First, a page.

This shows the dust- and smoke-laden air of the Naples suburb Ottaviano at ten o’clock in the morning. Vesuvius is reminiscent of Japanese views of Mount Fuji, also a volcano although far less frequently active than Vesuvius. Although Ottaviano was spared anything worse than dust and smoke in 1906, it was badly damaged during an eruption in 1944.
Early battles, before the introduction of cannons, must have been noisy and gruesome, but largely free of smoke. Once gunpowder was used as an explosive and propellant for missiles, that changed, and smoke became one of the attributes of warfare on land or at sea.
Benjamin West’s most famous painting of The Death of General Wolfe from 1770 is a good example, where smoke from gunfire and burning of the city of Quebec form a backdrop for his melodramatic foreground composition. On the ground in the middle of the central group is the dying General Wolfe, supported by two of his staff officers, and being tended by a military surgeon (in blue). Arranged almost ceremonially in front of him are his weapon and hat.
At the left is a group of six people, predominantly military, with a native American (First Nation) man sitting in front. They are all looking intently at the dying general. At the right is a smaller group, of only two military personnel, also looking on intently.
A great many paintings, most made from the artist’s imagination, show the profuse smoke of naval battles. I have selected Manet’s canvas showing the strange Battle of the Kearsarge and the Alabama off Cherbourg during the American Civil War. The sinking Alabama is in the centre, flying a white flag of surrender. The Kearsarge appears to be behind and to the left of her, in the midst of smoke from her own guns. Two other vessels are on hand: a small local pilot cutter in the foreground (French according to its flag), and in the distance at the right is the British yacht the Deerhound, which rescued some of the survivors. One survivor in seen swimming from right to left, towards the cutter.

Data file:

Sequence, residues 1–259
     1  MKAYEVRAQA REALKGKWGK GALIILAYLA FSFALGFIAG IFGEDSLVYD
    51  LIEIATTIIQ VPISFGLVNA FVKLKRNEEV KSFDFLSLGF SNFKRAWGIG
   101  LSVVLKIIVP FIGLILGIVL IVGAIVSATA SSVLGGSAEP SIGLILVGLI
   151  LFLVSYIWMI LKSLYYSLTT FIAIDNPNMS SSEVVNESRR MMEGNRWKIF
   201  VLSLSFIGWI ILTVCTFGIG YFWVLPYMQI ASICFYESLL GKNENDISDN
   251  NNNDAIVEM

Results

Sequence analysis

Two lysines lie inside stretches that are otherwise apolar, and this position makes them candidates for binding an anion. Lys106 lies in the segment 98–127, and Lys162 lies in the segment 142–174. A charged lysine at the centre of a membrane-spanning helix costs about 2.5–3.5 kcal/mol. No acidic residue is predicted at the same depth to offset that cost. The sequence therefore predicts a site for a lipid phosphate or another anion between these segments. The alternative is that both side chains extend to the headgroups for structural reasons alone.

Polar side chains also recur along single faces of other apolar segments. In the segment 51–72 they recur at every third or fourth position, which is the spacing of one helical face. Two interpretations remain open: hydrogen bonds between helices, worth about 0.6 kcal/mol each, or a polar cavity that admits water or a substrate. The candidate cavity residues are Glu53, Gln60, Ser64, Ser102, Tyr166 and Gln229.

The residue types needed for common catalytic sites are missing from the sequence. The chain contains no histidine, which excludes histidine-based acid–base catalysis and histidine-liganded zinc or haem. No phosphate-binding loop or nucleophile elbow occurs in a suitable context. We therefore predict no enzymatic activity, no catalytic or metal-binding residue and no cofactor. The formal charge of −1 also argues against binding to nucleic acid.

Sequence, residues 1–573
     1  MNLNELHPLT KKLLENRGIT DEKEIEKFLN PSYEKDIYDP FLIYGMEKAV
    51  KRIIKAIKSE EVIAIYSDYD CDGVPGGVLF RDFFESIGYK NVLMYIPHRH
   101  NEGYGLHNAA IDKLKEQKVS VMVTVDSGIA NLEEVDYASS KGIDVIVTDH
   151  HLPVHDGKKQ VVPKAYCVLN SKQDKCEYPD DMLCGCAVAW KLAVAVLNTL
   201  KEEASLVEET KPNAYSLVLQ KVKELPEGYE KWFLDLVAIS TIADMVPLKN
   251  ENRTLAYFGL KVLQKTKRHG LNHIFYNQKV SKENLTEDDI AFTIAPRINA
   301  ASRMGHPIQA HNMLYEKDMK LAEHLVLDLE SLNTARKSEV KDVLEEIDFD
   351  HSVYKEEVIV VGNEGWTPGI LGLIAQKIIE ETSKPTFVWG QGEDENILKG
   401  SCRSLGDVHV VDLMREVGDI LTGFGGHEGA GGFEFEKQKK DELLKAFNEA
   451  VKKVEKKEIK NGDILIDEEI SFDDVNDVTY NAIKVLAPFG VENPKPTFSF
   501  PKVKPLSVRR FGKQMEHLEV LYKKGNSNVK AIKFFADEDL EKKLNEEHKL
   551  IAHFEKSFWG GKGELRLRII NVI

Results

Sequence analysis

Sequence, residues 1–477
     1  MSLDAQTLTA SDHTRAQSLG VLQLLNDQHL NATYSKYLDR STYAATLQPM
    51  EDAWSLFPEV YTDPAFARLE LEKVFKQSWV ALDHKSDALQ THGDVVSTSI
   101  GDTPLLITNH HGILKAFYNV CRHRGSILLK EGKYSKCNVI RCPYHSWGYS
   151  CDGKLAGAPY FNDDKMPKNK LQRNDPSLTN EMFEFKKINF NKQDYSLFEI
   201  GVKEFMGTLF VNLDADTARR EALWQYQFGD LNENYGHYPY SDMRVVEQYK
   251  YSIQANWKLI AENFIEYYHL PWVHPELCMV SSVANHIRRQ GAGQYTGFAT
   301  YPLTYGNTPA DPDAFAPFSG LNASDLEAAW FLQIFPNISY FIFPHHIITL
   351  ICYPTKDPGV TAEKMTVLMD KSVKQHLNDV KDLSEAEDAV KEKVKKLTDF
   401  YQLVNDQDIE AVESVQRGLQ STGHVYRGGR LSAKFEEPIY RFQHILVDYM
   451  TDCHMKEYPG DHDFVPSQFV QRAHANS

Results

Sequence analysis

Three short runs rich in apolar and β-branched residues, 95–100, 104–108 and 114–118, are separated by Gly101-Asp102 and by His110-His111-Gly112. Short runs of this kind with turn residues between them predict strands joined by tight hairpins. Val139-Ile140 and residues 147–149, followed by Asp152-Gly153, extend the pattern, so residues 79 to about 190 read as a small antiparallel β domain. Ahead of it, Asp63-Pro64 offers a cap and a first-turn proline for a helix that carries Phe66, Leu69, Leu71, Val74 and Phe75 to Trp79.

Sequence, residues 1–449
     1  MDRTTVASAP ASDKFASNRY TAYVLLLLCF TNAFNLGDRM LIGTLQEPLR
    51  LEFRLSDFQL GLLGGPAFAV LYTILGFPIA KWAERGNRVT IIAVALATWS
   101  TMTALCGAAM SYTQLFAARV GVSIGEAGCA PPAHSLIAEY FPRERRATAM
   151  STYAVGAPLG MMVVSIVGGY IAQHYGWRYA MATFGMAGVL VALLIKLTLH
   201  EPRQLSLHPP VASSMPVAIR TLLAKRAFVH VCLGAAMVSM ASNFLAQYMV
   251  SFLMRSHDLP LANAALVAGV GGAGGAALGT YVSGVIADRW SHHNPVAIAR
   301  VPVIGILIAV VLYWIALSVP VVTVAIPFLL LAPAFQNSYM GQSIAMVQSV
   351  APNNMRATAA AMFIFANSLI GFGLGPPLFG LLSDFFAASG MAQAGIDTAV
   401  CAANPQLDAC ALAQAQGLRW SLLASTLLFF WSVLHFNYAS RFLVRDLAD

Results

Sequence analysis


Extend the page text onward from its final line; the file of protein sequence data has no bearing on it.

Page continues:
Although this appears to be an authoritative eye-witness account, the artist didn’t see it, but constructed this from descriptions in the press. It was a strange event, and a very unusual theme for Manet to paint.
When Manet painted a battle from the American War of Independence which took place in French territorial waters, France itself was in the process of sliding inexorably towards its war with Prussia, and the Second Empire of Napoleon III was about to self-destruct. That was the setting for Pierre Puvis de Chavannes’ pair of paintings showing Peace and War, in 1867. Three horsemen are blowing a fanfare on their war trumpets, haystacks in the surrounding fields are alight and pouring black smoke into the sky, and the people are suffering, even though signs of destruction are slight and none is wounded.